Carbon Tax – implications for the property industry


On the 12 October 2011 the Lower House passed (on a vote of 74:72) a package of bills to implement a carbon pricing mechanism in Australia.  Now that the major hurdle towards bringing in one of the world's biggest carbon emissions trading schemes has been overcome, the bills are expected to be voted into law by the Upper House in November.

In its current form, the proposed suite of Clean Energy Bills is set to apply to approximately 500 of Australia's biggest emitters, who account for approximately 60% Australia's total greenhouse gas emissions.  

The Carbon Tax is set to take effect from 1 July 2012 requiring emitters to initially pay $23 per tonne of carbon equivalent released into the environment per annum, which will increase by 2.5% annually until 2015 at which time the tax will transition into a market based Emissions Trading Scheme (ETS).  The proposed suite of measures aims to cut Australia's emissions by 5% from year 2000 levels by the year 2020, and bring emissions down 80% by 2050.

The criterion for determining liability under the proposed scheme is a facility’s direct greenhouse gas emissions, and more particularly facilities that emit more than 25 kilotonnes of carbon dioxide equivalent annually.

Whilst many areas of the economy will not be taxed directly including the property industry, the higher cost of energy and products that are energy intensive in their manufacture are likely to be passed down the supply chain and onto the consumers.  The purpose of this update is to look at the impact of the Carbon Tax on the property industry in particular.

The effect of the Carbon Tax on the property industry

The property industry is likely to be hit hard by the flow on costs as a result of the tax on carbon.  In particular:

  • The price of concrete, bricks, steel, aluminium, tiles and transport are all primed to increase as manufacturers look to pass on the costs of production.  This is likely to increase the total cost of subdivision, as well as renovating or building new homes and offices.

  • The increase in construction cost is likely to increase the demand for existing homes and offices over the short term as they will initially become relatively cheaper than their new equivalents.  The HIA estimates that the Carbon Tax could add between $5,000 - 9,000 to the price of a new home.

  • Over the medium to long term the value of existing homes and offices will rise to complement the rise in cost of new developments.  This impact will particularly affect Western Australia as there is already a severe shortage of commercial space and rentable dwellings in Perth.  Any delay in the construction of new developments is likely to exacerbate this problem.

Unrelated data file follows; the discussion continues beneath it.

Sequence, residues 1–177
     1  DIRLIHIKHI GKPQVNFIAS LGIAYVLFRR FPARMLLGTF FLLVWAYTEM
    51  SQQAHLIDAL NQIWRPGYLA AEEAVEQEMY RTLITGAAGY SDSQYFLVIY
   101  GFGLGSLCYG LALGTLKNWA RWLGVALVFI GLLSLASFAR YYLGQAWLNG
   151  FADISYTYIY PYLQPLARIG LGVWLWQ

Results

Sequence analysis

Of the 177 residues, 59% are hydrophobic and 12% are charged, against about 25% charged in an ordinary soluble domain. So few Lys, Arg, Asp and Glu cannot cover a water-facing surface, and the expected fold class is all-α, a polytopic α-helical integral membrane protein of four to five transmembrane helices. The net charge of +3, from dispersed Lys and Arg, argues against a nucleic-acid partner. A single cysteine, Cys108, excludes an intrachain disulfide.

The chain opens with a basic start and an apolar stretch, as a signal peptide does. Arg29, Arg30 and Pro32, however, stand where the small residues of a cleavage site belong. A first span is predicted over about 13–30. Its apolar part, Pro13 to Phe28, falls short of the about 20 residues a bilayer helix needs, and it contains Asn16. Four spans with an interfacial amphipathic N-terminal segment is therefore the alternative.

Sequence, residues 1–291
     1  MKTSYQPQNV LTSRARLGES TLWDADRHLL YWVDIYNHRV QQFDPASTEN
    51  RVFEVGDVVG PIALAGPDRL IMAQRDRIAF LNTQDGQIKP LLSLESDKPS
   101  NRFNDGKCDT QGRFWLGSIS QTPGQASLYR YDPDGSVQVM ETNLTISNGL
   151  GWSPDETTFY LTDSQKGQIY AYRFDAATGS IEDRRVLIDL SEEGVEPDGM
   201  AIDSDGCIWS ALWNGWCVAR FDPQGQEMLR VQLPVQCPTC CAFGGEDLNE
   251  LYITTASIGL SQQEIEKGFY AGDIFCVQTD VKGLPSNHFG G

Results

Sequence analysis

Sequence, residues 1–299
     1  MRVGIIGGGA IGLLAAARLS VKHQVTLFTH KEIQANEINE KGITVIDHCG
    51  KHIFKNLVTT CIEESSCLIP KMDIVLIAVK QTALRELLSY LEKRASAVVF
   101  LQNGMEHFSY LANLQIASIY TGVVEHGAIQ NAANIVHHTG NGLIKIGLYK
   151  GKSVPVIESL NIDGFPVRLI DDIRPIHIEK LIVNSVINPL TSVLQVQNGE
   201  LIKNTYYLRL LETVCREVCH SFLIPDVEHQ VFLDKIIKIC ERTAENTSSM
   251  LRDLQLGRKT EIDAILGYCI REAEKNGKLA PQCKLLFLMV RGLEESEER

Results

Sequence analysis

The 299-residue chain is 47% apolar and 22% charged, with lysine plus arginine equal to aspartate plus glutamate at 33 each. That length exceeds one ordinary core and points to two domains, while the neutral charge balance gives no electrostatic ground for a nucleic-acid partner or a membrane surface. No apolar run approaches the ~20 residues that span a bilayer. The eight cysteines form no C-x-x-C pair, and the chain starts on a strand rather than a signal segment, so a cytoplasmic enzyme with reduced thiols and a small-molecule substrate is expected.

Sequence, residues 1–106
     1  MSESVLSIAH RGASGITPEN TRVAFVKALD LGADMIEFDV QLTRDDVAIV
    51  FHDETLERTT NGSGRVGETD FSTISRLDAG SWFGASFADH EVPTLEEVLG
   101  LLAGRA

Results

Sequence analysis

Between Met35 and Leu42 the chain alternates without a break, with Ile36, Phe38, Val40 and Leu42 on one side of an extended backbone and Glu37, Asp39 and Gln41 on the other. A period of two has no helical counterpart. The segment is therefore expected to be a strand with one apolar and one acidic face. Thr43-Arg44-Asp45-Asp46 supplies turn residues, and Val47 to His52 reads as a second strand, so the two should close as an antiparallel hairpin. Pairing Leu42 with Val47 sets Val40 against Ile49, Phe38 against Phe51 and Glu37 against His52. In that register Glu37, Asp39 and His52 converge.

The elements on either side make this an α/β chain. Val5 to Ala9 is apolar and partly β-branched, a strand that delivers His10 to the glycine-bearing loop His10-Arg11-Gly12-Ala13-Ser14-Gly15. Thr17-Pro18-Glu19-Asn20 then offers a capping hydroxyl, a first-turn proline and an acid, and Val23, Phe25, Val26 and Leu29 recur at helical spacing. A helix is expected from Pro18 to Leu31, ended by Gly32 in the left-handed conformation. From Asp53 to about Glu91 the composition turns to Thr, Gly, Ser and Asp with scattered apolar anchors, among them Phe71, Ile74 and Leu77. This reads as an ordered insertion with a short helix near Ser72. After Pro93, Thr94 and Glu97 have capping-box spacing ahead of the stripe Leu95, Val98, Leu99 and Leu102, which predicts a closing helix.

• There is the potential that a developer who has already sold buildings 'off the plan' using contracts with inflexible pricing arrangements may have to wear the increased supply costs.

There are however also many opportunities that arise as a result:

  • There will be, and to a certain extent already is, increased demand for energy efficient office space, particularly in developments with larger floor areas as businesses seek to reduce their overall emissions.  This increase in demand is likely to result in increased rents for energy efficient floor space.

  • The greater energy efficiency of new homes, may also result in increased demand for the product.  More particularly greater real value may be added to the new property and should not be lost sight of by valuers and builders.

Lavan Legal comment

The impact of the Carbon Tax and ETS will be vast and while it will increase costs in all sectors of the economy, it is likely that the development industry will be particularly hard hit as its major inputs, such as transport, concrete, bricks, steel, aluminium and glass are all carbon/energy intensive materials which are likely to increase in cost after the introduction of the Carbon Tax.

It is essential that businesses conduct a review of all of their existing and proposed contracts to determine the full implications of the Carbon Tax, paying particular attention to provisions for the passing on, or sharing of increased supply costs.

If you would like more information about the Carbon Tax or are interested in reviewing existing or proposed contracts to ensure adequate protection from additional costs associated with the proposed Carbon Tax then please contact Lavan Legal's Environment Team.

Disclaimer – the information contained in this publication does not constitute legal advice and should not be relied upon as such. You should seek legal advice in relation to any particular matter you may have before relying or acting on this information. The Lavan team are here to assist.